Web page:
Post Number:#5  Postby Xris » May 20th, 2012, 8:47 am

If we found life it would indicate that a formula for life must exist. If it exists, is it the same everywhere? Does it have the same capacity to evolve in the same measured manner? Would a formula be sign of design? Does it indicate a determined universe?
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Re: The Discovery of Extraterrestrial Life in our Solar Syst

Post Number:#6  Postby Steve3007 » May 20th, 2012, 9:33 am

My hunch (and it is just a hunch) is that the vast majority of inhabited planets are inhabited only by microbes. A much much smaller number have complex life. And a much much smaller number still, intelligent life. Which might make us think we're pretty special, until we remember the anthropic principle.

Back to one of my favourite aphorisms: If life on Earth is a miracle, then so is the fact that my legs are exactly long enough to reach from my body to the ground.
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Re: The Discovery of Extraterrestrial Life in our Solar Syst

Post Number:#7  Postby A Poster He or I » May 20th, 2012, 11:38 am

Belinda says,
So, Poster,I think we would need to meet aliens armed not only with space suits and isolation masks and gowns, but also a firm acknowledgement of what human nature is, or what we want or aspire for it to be? After all this is what we should do when we meet ordinary humans so that we know who we are, and so that we will not harm either them or ourselves by the contact.

The trouble is that aliens may not be as generous as we are, and we may have to defend ourselves against predators, as we try to defend ourselves against ordinary politico-military, commercial and criminal predators.

Your post so perfectly reflects what I too believe and feel concern for, that I just want to underscore the whole post without changing a word or adding any comment to it, other than to note that I don't have any real ideas about what to do about the problem.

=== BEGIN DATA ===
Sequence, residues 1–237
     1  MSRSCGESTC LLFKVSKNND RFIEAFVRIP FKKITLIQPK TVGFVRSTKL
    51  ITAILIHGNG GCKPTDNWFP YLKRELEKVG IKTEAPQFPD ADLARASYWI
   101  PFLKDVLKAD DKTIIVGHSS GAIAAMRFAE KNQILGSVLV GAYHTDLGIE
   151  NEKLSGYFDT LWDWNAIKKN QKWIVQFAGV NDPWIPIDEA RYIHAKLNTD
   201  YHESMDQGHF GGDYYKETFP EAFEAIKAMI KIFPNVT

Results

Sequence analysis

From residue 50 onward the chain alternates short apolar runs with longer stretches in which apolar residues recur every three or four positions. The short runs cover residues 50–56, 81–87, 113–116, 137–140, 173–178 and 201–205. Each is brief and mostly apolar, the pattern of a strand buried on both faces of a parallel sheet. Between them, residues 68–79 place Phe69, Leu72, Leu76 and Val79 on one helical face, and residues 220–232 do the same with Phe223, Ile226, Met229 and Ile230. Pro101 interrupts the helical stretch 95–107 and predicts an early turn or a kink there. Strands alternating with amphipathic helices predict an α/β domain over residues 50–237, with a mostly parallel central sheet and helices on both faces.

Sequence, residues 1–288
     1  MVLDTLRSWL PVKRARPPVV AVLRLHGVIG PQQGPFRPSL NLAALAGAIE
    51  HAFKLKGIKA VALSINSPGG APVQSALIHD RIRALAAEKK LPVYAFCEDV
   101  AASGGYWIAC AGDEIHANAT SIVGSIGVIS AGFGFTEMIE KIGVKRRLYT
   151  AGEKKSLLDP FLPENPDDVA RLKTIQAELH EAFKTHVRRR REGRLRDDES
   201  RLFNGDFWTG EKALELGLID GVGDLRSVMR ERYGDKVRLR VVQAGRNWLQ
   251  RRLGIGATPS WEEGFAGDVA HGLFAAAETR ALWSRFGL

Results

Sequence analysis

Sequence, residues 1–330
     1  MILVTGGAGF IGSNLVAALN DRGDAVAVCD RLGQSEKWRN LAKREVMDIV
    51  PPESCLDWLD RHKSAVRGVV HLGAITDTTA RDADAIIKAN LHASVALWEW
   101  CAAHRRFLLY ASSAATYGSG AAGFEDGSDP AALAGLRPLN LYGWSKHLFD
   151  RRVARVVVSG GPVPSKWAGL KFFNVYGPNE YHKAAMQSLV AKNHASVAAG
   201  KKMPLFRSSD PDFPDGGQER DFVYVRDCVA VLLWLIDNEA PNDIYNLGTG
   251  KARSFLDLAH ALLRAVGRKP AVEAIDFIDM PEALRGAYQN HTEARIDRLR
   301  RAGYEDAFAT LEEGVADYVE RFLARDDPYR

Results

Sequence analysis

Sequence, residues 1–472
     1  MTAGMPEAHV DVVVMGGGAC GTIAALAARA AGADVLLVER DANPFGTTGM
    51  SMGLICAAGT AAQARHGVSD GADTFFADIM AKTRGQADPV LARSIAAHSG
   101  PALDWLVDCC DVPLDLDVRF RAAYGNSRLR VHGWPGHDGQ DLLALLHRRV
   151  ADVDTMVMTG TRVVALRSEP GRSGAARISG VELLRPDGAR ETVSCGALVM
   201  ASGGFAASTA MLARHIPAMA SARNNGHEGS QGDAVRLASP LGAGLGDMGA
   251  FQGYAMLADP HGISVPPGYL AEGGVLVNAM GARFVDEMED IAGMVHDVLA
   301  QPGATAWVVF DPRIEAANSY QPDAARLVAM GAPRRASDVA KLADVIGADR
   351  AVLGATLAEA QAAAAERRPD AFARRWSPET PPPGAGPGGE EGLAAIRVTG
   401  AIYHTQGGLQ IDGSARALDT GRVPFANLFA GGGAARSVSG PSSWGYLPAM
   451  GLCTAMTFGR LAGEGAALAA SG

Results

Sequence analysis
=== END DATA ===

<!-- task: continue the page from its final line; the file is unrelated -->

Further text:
Steve3007 says,
We are sealed into "biospheres" even here on Earth. For example, we are evolved from creatures who lived in salty water (oceans) and we have taken those oceans with us, wrapping them up in a bag of water - our bodies. So, even here on Earth, we are already wearing a kind of survival suit. We are fish out of water. I don't think we necessarily feel we need to break out of that particular "space suit" in order to experience life on Earth.

I hadn't considered our status of "fish out of water" in quite this way before, so thank you. It makes me consider something that I discounted before: the meeting of the human and alien biospheres might be said to be occuring within a "meta-biosphere," that being the Universe itself. After all, the ancient venturing of the sea-life biosphere onto dry land can be looked upon within the context of the biosphere of the Earth herself, where sea and land ecologies are a synergistic operation serving the whole. It supports a view that if we can survive the initial encounter with aliens (given its potential for disease, war, and cultural upheaval) then it is almost destined that the interaction should be beneficial to the whole in the long run.

To share a related (small-scale) example: I just found out that the African "killer bees" that escaped from a lab in South America in the mid-20th century and initially wreaked havoc on bee-keeping and honey production as they spread through one country after another, is now the bee of preference by South American bee-keepers since they have learned ways of taming much of the bees' aggressive behavior through selective breeding while maintaining the African bee's superior volume of honey production.
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Re: The Discovery of Extraterrestrial Life in our Solar Syst

Post Number:#8  Postby Xris » May 20th, 2012, 12:06 pm

Any life that has the ability to travel vast distances requires a certain intelligence that is acquired over centuries of cooperation and understanding. We may have interfered with alien cultures on our planet with ignorance but that does not indicate that when we capable of travelling in space and time, we would not have obtained the moral responsibility to not do the same again. Those elusive UFOs may be just those aliens acting with respect and understanding.
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Re: The Discovery of Extraterrestrial Life in our Solar Syst

Post Number:#9  Postby A Poster He or I » May 20th, 2012, 1:13 pm

Steve3007 said,